Nigeria To Receive 16 Million Doses Of AstraZeneca COVID-19 Vaccine – WHO

Nigeria To Receive 16 Million Doses Of AstraZeneca COVID-19 Vaccine – WHO

By Wires Editor | The Trent on February 6, 2021
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WHO, Coronavirus
World Health Organization Director-General Tedros Adhanom Ghebreyesus looks on during a press conference following an emergency talks over the new SARS-like virus spreading in China and other nations in Geneva on January 22, 2020. | PIERRE ALBOUY/AFP via Getty Images

The World Health Organisation, WHO, had said a total of 16 million AstraZeneca doses of COVID-19 vaccines out of the 88 million allocated to Africa will soon arrive in the country.

This was as the organisation explained that it has not disqualified any country in Africa from accessing COVID-19 vaccines through the COVAX facility, but rather is supporting all countries to access vaccines as quickly as possible.

Walter Kazadi Mulomboo, the WHO Country Representative in Nigeria, said these at a joint press conference with the Executive Director, National Primary Health Care Development Agency, NPHCDA,  Faisal Shuaib, in Abuja, on Saturday, February 6, 2021.

Reacting to the purported disqualification of Nigeria from access COVID 19 vaccines, the WHO representative insisted that “WHO has not disqualified any country in Africa from accessing COVID-19 vaccines through the COVAX facility, but rather is supporting all countries to access vaccines as quickly as possible.”

“Of the 88 million AstraZeneca doses allocated to African countries for the first phase, Nigeria has received by far the largest allocation, with 16 million doses,” he said.

He disclosed that: “Currently, all countries on the continent are expected to start accessing the AstraZeneca/Oxford vaccines by the end of February.”

“The vaccine is under review by WHO for Emergency Use Listing and the outcome is expected soon,” he added. He spoke further: “In addition to the Astra Zeneca doses, there is an initial limited volume of Pfizer vaccine available through COVAX.”

According to him, the “Demand for the initial allocation of 1.2 million Pfizer doses was exceptionally high. ”

“COVAX received interest from 72 countries around the world, of which 51 countries were considered by the review committee as “ready” (Nigeria was among these countries) and 18 countries in total were finally chosen to receive initial Pfizer doses,” he said.

He spoke further:” On the Africa continent, as of the 18 January deadline, COVAX received 13 submissions and a multi-agency committee evaluated the proposals of which 9 were recommended as ready to deploy the Pfizer vaccine including Nigeria.

“Unfortunately, it was not feasible to provide each of these 51 countries with Pfizer doses, due to a number of factors including the limited capacity for Pfizer to handle many countries at once. Therefore, spreading the limited doses across all the 51 countries deemed ‘ready’. could have not achieved the intended public health benefit.

“After epidemiological data was taken into account, the decision was taken to proportionally balance the number of self-financing and AMC Participants, as well as Participants across all 6 WHO regions.”

On his part, the Executive Director of National Primary Health Care Development Agency explained that the press conference became “necessary in order to ensure that just a few of us do not bring our country to ridicule.”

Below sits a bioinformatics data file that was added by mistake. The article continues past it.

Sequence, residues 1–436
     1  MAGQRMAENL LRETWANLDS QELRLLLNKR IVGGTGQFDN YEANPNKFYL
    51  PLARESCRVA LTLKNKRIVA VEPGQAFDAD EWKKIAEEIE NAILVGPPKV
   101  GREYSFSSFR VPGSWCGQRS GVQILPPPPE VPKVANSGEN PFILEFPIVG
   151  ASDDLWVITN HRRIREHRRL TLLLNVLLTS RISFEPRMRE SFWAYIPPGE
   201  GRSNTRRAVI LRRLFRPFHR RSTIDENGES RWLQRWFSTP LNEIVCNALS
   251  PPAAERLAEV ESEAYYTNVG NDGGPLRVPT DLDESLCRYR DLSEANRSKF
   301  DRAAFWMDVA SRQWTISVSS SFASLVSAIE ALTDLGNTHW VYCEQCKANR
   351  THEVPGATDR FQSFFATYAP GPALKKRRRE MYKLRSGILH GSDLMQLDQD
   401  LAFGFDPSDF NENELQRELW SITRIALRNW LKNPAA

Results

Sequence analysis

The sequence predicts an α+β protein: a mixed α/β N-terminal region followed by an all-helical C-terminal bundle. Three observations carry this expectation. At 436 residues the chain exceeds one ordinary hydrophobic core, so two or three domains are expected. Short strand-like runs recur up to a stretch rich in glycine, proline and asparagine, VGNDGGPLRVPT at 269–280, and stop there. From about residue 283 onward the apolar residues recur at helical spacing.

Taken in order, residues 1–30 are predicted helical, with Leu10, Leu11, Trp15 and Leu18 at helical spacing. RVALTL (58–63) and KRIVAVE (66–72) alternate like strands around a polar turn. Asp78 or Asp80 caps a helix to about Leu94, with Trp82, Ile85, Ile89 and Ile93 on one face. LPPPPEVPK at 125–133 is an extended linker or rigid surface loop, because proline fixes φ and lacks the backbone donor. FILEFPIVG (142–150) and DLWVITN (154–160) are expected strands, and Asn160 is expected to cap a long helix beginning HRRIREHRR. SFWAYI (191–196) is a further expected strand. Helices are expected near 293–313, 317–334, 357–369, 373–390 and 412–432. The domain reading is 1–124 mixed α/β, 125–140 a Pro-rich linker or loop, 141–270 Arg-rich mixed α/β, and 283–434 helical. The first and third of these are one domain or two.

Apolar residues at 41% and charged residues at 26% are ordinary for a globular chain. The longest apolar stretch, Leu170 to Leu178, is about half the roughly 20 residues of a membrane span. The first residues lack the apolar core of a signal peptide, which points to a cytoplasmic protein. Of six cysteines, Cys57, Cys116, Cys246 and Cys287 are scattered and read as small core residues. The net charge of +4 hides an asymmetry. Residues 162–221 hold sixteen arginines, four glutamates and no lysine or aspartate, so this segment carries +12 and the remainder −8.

He said: “As clearly stated by the WHO Regional Director, there are a number of factors that were considered in allocating the small quantity of the 320,000 doses of Pfizer vaccine to Covax countries. ”

These include the mortality rates from COVID-19, the number of new cases, the trend in the number of cases, the population of countries, and the availability of the appropriate Cold Chain equipment.”

According to him,” It is clear that countries such as South Africa which received the Pfizer allocation have the new strain of the COVID-19 virus, has the highest mortality rates and is struggling to contain transmission.”

He spoke further:” Furthermore, giving smaller countries such as Cape Verde and Rwanda few doses of the Pfizer vaccine would have a larger public health impact considering their population size. 100,000 doses to Nigeria, we have all agreed would have been a drop in the ocean. ”

So, it is a welcome development that we are receiving 16 million doses of the Astrazeneca vaccine to replace the Pfizer vaccine in the same month of February. The 16 million doses will invariably help us reach more of our population and is suited to our existing cold chain system.”

The NPHCDA’s boss spoke further:” Many of you were with us at the National Strategic Cold store to physically see the ultra cold chain equipment that we have.

This visit was conducted in the spirit of transparency and accountability on the part of the Presidential Task Force on COVID-19, PTF, and the Federal Ministry of Health, FMOH.

These Ultra Cold Chain equipment would have been able to store over 400,000 doses of the Pfizer vaccine if these were brought to Nigeria. So we are ready for any type of vaccine that is allocated to us.

“| want to assure all Nigerians that the Federal Government under the leadership of His Excellency President Muhammadu Buhari is determined and committed to acquiring the COVID-19 vaccines that are safe, effective, and available for deployment.

“The PTF on COVID-19 will continue to provide credibly and up to date information on our journey towards controlling the spread of COVID19 using the non-pharmaceutical interventions and the vaccines when they become available.”

Source: Vanguard

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